Sitharaman, however, has lashed out at a delegate, while interacting with industry experts at the BJP office in Pune to discuss GST, by telling him he couldn’t criticise GST since it was now the country’s ‘kanoon (law)’ and that “we can’t say what a God damn structure is this” because it had been made a law after much deliberation. She was criticised heavily for this interaction.
Foul is fair?
Over the years, Sitharaman has had many infamous disagreements, which can be interpreted as arrogance by some and assertiveness by others. Her 2018 spat with Karnataka state minister Sa Ra Mahesh during an official meeting to review the military’s rescue and relief operations in rain-ravaged Kodagu was much publicised. She was asked to wrap up her meeting due to lack of time, but reportedly said, “I am a central minister and I am following your instructions. Unbelievable!”
Or take her leaked audio clip where she was heard allegedly scolding SBI chairman Rajnish Kumar for making 2.5 lakh bank accounts of tea garden workers in Assam defunct for lack of KYC. She was heard telling him, “nothing makes up for your inefficiency,” and “you are a heartless bank”.
Sitharaman also allegedly snubbed Russian equipment and defence firms in the 2018 DefExpo in Tamil Nadu, which she visited as Defence Minister. Later, a top Russian executive at the expo said, “This is what the India-Russia defence relationship has come to. India’s political environment is no longer that friendly to Russia.” He added that Sitharaman’s snub was “deliberate”.
Angry and unanswerable
Much of what Nirmala Sitharaman does must be directed through the Prime Minister’s Office, but she ends up getting the flak for the way she conducts herself as a minister.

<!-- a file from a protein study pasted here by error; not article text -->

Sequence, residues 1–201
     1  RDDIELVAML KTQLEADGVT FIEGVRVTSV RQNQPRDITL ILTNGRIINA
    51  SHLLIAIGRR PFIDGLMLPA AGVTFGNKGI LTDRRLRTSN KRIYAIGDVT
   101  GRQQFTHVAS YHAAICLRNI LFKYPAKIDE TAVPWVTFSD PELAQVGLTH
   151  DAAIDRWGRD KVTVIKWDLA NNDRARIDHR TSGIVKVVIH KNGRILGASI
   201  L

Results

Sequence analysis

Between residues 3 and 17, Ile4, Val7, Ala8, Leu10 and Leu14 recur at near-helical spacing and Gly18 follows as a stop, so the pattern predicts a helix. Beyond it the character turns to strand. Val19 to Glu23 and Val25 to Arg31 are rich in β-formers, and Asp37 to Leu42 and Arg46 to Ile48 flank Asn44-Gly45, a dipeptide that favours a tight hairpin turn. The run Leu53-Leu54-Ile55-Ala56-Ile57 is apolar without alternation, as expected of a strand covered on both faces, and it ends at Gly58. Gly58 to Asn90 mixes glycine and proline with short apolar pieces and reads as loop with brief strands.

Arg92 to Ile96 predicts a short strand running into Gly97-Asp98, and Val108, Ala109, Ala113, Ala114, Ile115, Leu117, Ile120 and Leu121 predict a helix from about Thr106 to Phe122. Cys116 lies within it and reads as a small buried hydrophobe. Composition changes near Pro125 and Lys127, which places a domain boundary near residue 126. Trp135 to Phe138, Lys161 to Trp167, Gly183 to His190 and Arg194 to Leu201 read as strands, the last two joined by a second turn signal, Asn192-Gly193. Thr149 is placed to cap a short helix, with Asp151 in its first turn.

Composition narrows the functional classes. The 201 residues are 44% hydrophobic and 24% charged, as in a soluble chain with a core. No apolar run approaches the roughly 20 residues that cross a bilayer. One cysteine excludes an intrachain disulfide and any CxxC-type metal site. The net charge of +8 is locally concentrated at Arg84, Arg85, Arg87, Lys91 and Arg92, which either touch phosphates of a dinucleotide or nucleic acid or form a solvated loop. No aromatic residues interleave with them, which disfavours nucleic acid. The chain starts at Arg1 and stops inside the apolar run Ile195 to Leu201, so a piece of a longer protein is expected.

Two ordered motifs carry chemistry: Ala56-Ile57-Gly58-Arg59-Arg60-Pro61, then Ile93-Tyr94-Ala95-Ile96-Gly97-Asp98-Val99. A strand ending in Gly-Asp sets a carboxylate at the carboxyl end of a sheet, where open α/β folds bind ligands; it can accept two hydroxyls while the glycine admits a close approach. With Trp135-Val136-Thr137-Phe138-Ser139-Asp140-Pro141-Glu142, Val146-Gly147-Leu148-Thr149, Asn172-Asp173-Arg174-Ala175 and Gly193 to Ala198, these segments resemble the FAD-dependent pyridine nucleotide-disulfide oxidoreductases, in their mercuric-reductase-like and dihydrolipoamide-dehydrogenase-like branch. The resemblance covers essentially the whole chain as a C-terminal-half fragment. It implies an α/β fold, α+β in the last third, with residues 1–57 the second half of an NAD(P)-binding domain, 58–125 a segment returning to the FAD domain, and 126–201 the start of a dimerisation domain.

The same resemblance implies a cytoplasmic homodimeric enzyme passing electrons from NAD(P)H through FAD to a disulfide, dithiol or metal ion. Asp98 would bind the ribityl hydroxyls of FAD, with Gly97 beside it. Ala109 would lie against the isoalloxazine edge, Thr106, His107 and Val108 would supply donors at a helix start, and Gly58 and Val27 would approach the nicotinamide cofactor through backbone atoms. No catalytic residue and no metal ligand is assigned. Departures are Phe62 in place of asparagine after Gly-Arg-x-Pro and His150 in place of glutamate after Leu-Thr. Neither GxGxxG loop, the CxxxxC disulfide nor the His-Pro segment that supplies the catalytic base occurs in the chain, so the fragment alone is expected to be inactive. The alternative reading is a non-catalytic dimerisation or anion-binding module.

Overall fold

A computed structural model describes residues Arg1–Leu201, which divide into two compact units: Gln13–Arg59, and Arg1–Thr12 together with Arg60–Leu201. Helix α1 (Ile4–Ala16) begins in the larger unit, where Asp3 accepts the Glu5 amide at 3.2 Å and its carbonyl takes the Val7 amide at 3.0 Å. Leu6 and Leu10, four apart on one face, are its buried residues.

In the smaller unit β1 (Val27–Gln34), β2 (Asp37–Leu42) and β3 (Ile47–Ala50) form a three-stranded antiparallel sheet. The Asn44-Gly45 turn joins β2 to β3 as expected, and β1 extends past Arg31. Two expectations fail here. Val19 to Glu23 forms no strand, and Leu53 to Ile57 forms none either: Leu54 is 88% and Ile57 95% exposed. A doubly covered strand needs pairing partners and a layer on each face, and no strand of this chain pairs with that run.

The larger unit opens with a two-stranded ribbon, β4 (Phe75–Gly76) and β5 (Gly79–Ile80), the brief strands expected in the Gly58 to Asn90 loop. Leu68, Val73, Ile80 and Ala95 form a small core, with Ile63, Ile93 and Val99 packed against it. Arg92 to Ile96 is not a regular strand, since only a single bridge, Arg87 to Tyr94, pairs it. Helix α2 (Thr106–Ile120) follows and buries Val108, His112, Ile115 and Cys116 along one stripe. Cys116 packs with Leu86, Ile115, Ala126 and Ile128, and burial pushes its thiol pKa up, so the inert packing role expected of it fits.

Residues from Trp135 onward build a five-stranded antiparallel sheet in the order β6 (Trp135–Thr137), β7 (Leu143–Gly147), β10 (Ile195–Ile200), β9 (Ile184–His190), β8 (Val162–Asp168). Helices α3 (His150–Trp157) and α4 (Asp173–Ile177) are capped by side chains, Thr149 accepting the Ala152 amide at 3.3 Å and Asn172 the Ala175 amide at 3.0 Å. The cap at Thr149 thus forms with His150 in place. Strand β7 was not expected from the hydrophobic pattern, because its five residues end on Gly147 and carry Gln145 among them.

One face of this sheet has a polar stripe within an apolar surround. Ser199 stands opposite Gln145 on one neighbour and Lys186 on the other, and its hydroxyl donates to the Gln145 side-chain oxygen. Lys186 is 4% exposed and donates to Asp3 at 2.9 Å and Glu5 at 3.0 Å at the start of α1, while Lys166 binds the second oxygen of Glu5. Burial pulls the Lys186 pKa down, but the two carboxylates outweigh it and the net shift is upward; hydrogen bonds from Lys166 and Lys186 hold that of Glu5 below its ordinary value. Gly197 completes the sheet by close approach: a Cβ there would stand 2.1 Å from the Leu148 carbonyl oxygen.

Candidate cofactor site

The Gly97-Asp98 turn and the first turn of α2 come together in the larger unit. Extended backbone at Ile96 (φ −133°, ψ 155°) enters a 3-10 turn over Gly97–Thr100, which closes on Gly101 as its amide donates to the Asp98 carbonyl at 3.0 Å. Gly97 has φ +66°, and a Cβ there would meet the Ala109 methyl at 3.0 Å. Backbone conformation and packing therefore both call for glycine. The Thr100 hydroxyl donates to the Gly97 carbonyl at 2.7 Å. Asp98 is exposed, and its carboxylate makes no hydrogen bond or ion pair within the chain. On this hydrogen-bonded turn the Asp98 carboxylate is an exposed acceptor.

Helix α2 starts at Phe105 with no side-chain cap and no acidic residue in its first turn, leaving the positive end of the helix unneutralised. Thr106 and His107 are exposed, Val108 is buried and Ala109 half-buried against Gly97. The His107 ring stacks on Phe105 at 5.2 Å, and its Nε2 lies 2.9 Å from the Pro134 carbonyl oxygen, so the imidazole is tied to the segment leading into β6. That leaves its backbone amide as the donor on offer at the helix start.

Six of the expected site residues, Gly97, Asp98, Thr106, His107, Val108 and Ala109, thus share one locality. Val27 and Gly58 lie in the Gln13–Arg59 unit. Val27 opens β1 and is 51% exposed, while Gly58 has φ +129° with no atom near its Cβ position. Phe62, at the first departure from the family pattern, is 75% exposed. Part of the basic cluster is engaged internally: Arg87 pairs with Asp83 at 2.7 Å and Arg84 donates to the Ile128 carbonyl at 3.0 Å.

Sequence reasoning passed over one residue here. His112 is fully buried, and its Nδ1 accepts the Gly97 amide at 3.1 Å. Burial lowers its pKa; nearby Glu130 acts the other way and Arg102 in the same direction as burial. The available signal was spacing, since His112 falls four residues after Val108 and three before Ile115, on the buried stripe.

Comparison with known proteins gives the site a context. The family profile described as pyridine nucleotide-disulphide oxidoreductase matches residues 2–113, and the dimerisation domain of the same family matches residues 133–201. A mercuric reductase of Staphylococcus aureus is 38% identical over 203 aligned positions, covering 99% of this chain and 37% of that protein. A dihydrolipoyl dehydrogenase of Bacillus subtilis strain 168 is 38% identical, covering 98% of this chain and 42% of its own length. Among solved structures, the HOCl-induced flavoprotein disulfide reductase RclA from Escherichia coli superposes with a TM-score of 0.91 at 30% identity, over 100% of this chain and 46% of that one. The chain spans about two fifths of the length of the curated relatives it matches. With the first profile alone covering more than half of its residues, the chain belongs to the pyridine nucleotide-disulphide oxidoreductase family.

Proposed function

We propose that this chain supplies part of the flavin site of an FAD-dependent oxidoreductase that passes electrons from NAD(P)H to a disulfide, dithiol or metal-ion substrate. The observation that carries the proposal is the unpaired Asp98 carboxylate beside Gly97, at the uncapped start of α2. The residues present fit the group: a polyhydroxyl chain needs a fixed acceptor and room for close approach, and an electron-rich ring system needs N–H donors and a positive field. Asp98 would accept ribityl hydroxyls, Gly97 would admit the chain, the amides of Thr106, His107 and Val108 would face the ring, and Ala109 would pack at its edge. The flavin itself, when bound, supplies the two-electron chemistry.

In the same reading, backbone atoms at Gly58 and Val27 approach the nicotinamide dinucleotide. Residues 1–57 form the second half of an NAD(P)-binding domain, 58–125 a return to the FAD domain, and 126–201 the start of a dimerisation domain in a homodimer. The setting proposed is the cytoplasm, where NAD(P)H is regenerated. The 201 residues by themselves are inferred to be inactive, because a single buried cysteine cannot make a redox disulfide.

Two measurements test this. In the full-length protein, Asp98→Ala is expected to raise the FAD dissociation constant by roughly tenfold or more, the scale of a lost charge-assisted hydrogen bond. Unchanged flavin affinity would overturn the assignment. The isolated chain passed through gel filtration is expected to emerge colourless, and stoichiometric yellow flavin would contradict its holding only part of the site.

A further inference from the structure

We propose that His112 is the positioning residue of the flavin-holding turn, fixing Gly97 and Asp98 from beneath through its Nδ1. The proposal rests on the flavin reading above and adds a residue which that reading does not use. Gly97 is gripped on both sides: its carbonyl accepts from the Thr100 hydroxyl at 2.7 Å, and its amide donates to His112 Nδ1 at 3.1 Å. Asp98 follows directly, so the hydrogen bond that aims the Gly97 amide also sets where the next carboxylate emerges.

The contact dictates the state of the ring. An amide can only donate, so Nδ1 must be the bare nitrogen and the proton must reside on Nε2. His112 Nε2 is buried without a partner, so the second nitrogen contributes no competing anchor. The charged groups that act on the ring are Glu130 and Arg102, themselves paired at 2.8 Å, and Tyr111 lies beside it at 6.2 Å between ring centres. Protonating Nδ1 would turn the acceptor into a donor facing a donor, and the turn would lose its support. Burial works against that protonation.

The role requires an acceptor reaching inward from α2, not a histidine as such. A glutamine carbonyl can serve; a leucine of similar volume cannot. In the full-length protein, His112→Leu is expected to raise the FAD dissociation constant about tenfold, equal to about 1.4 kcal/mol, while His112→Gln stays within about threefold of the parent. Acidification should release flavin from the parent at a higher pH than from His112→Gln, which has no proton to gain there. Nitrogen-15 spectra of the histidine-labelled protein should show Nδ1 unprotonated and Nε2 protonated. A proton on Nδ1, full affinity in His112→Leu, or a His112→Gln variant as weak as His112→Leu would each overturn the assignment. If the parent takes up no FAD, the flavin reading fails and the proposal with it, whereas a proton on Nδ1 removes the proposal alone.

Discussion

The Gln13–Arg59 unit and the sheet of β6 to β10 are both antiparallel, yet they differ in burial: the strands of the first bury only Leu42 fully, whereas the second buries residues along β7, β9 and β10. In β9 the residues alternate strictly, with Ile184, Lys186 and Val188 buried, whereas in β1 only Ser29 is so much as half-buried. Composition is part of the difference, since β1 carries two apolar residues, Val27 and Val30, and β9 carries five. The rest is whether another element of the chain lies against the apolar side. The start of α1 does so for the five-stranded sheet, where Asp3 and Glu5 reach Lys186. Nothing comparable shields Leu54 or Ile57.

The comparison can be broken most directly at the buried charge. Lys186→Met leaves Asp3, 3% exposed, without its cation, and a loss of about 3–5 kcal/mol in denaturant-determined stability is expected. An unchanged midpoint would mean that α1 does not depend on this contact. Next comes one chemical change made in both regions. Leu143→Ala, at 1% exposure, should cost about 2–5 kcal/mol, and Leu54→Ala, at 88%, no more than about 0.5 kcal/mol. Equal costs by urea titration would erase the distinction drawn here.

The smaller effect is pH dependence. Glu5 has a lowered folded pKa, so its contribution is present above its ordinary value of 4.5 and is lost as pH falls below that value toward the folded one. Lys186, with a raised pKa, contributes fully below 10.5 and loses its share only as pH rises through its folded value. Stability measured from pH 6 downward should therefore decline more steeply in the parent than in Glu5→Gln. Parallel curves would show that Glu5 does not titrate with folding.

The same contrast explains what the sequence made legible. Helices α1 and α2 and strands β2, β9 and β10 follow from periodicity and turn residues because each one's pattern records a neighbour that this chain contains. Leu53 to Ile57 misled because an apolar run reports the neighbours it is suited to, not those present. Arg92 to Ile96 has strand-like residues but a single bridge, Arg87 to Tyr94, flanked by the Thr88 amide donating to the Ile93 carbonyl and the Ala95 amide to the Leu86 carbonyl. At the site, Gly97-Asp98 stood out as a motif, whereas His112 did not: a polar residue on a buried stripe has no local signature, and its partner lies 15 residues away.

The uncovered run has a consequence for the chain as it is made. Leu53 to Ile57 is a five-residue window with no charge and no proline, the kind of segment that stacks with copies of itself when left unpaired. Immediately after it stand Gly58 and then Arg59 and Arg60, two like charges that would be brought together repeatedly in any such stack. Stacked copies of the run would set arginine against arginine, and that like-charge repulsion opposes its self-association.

Of late, during the stimulus package press briefings, Sitharaman’s outbursts at Rahul Gandhi’s ‘dramebaazi’ or her arrogant folded-hands at Sonia Gandhi and the opposition has glued her angry image.
Sitharaman’s conduct is beginning to make the office of the Finance Minister look high-handed. It also makes her look as though she’s constantly being attacked, which is why she is always on the defensive. Stoicism can take people a long way in politics, something that Congress president Sonia Gandhi has mastered in spite of being toxically attacked almost every day.
But Sitharaman clearly is not polite on most occasions. No one is expecting her to be polite just because she’s a woman. People expect her to be polite because she is deciding people’s futures in a horrific lockdown with her economic packages. It’s completely justified for the media to ask her tough, or even uncomfortable, questions, and she is answerable to the people of India. In fact, Sitharaman’s early role as BJP spokesperson should have made her all the more friendly to the media.
But her image now is not working for a government already on the back foot due to a pandemic.
The author is a political observer and writer. Views are personal.